Wednesday, March 13, 2013

3-13-13 or Shades of Art & Porn

MaksbeingpaintedI love Pinterest. I really do. As a visual and artsy person, it’s a wonderful place to spend some downtime. Of course, I also use it for promo and have boards to depict each of my books in images. A lighthouse photo I found there last year inspired a new story.

They might, however, need humans to watch for inappropriate images instead of bots, which I’m guessing is what they use.

I also love Michelangelo. He is my all-time favorite artist. The guy was pure passionate genius mixed with a lot of hard work and creative talent. Of course I re-pinned someone’s photo of the David in all its glory. It’s a truly gorgeous sculpture that I’ve been lucky enough to see in real life. The muscles and sinews are life-like, other than being marble, and it does show the beauty of the male body. Michelangelo did believe the male body is far more artistically beautiful than the female body. I very much agree with him, although maybe I’m biased. David is more than just a statue of a legendary Biblical figure. And it’s more than the small man defeats the giant theme. It’s an artistic statement of the beauty of the human body.

It got deleted by the site for nudity.

Now anyone who has been on the site knows darn well what kind of pictures you can find that show pretty much everything and likely barely covered in lazy black undergarments and in provocative photos. So I was rather aghast that Michelangelo’s David was removed.

Being the smart aleck I can be at times, I put it back up, covered by a big fig leaf with bright red border. Maybe I should have used black lace undergarments.

Either way, I mentioned it on Facebook and it led to a conversation about the difference between art and pornography. Many artists, as they call themselves, have done shows of nude photos in the name of art and they are open to the public. Is this art? I think that’s borderline. Maybe, depending on composition and such. But then what’s to keep artists from posting any kind of nude pose online and claiming artistic license? And why would a nude marble statue be less okay for public viewing than a photo of a woman in black lace lingerie?

It all comes down to common sense. We all know David is an artistic masterpiece, as are Renoir’s nude women and other classics. They are, however, paint or marble. Does it follow, then, that anyone could sit and draw an obscene pose and call it art that should be publicly available? Of course not. (Yes, obscene is a judgment call, but I bet you all know what I mean.)

As I see it, sex in fiction is the same. Is it there just for the titillation factor (or for the sales)? Or is it artistry and character development? There is a difference. Each viewer/reader has his/her own taste, of course, but common sense is common sense. There is gray area. But there is also black and white and the difference between the two is clear.

By the way, the photo above is not mine and I have no rights to it. Maksim Chmerkovskiy posted it on Facebook, and art lover that I am, I couldn’t help appreciate its beauty. He’s a dancer, you know.


7 comments:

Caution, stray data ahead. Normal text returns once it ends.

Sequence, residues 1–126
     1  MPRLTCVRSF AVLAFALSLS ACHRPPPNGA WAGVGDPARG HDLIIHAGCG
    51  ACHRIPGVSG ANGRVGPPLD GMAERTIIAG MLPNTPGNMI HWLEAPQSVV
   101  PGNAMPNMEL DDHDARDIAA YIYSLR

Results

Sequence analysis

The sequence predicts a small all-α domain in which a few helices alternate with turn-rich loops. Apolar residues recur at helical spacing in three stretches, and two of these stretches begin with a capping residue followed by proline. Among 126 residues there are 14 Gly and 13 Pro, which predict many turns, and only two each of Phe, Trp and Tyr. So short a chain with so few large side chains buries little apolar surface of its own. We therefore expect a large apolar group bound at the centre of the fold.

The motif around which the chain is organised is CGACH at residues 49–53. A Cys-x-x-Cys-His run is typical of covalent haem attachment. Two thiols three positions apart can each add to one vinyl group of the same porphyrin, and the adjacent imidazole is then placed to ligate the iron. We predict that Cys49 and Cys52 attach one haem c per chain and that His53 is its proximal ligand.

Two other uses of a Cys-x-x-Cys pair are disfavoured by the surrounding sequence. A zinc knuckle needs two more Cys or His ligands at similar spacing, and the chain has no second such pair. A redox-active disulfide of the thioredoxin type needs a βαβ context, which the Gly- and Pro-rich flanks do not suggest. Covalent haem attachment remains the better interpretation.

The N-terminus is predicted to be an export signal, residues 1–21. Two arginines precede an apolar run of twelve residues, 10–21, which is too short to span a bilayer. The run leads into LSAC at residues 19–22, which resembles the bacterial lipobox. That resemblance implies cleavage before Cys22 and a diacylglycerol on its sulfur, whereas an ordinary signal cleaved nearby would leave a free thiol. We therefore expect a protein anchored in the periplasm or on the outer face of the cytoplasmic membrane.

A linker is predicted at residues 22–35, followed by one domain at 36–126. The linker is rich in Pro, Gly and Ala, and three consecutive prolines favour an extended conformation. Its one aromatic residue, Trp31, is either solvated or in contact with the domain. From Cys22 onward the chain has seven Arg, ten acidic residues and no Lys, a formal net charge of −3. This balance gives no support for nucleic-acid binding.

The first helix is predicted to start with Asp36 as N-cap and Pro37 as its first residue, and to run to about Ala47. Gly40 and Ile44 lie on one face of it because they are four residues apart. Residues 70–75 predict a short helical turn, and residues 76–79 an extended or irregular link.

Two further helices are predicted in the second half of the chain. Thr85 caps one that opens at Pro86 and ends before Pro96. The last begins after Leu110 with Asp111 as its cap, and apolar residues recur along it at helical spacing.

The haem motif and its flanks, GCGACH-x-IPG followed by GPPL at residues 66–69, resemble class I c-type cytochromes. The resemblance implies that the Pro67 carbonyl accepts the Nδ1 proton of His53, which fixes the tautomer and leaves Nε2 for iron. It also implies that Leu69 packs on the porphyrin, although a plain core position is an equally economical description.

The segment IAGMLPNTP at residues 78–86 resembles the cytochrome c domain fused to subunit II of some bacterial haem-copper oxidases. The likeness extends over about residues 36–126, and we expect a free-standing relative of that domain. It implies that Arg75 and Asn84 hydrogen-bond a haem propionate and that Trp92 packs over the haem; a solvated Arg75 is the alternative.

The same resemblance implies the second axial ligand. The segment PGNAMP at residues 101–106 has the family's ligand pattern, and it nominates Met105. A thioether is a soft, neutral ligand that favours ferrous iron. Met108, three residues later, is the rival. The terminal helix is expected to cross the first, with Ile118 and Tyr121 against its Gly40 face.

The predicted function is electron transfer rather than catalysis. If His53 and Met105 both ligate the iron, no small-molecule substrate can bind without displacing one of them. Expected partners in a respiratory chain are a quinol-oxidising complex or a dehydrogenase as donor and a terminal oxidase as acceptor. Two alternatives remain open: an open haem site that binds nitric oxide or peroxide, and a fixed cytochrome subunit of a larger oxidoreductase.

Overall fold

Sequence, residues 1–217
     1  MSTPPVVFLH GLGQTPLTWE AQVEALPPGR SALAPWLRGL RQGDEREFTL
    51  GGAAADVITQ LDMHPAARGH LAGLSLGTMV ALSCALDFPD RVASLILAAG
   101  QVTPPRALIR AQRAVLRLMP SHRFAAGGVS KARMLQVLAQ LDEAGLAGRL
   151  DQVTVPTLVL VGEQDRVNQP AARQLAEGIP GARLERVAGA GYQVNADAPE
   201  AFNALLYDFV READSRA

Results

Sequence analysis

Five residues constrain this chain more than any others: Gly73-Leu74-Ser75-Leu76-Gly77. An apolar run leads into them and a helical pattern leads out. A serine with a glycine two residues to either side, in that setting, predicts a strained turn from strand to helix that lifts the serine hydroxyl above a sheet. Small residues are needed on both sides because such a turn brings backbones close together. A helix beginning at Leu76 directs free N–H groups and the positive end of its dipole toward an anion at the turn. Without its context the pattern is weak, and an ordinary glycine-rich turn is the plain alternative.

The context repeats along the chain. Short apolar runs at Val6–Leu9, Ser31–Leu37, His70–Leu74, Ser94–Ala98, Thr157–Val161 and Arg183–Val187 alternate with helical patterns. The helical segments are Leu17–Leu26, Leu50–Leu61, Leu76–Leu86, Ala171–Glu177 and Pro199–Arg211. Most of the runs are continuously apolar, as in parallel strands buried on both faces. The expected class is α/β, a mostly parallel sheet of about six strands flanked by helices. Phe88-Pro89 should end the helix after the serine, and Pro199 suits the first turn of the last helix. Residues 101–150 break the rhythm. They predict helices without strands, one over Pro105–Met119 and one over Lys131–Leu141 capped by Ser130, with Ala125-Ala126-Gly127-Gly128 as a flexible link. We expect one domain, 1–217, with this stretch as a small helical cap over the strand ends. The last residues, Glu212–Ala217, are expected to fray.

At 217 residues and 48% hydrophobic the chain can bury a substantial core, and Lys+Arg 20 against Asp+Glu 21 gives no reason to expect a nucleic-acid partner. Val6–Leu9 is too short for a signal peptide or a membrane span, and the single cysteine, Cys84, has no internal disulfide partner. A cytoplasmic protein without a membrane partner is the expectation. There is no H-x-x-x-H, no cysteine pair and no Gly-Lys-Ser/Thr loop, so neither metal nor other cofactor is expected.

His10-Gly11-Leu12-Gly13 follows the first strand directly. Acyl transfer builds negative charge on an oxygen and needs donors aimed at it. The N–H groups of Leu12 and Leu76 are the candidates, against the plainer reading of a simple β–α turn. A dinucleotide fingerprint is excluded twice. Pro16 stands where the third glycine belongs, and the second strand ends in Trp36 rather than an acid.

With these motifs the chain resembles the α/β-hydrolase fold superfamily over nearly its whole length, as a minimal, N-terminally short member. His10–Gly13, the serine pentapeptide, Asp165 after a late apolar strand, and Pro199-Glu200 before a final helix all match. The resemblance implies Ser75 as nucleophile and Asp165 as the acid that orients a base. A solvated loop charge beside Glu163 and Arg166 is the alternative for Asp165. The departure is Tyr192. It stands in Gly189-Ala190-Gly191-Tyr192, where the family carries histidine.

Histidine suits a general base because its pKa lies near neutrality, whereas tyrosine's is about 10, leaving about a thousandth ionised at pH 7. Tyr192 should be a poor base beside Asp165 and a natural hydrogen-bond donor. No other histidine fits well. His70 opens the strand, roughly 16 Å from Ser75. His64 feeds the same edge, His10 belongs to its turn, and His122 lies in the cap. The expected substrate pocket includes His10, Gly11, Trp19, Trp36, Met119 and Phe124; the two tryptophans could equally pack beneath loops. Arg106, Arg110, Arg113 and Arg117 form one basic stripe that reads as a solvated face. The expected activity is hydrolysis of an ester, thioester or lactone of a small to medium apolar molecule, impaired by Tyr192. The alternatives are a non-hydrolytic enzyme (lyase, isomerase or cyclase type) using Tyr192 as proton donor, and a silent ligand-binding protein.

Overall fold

Valerie Rutherford said...

This is one of those things, which is different depending on the person. But I do think it mostly comes down to the intent of the creator. You know I'm pretty sensitive to sexual stuff, so I don't know how much more I can add to this conversation.

Still, I'm way on the other side of the other debate. I think the female body is lovely, but the male body... well, not so much. (Jill calls it "functional".) I don't like big muscles, and I can get weirded out even by guys without shirts on. I know, I'm a "prude", right? It's just that, for me, there's only one guy in the world, whose body I want to see... and I haven't met him yet.

Oh, Maks. Such an arrogant guy. :P (I mean that in a silly way! I love him.)

Celia Yeary said...

Interesting thoughts on nudity.
I saw the real Michelangelo, too, in Florence, Italy. I was amazed by how big it was.
Good for you for returning him to your Pinterest board. One day I'll look into that, too.

LK Hunsaker said...

Valerie, I agree that intent matters. An interesting take on the "functional" aspect. As far as outer strength, I agree, but I tend to think the female body is more functional as in what it can do. I'm not sure we haven't been a bit brainwashed in thinking the female is the sexier of the species because of the ads and photos and such. Even at awards shows, it's the dresses and hairdos and builds of the women that is the big deal, while the men just wear suits and show off their dates. Look at all the Miss America and Miss World pageants. Why is there not a Mr. America pageant? The male is less valued for his body than for his ability, and it's sadly opposite for women. I tend to disagree with that way of thinking.

Guess I better stop. ;-)

LK Hunsaker said...

Celia, it is breathtaking, isn't it?

LK Hunsaker said...

Oh, and I don't think you're a prude at all. I'd rather men keep their shirts on in public and save that for the beach (or with Maks, for dancing!)

Andra M. said...

It's as though the world is upside-down. It's okay to show off body parts in award shows, and sell pure sexiness in photos, but art such as sculptures and paintings that show of the beauty of the human form is somehow bad.

I don't get it, but maybe that's a good thing.

LK Hunsaker said...

Andra, I'd agree with that on so many levels and so many topics.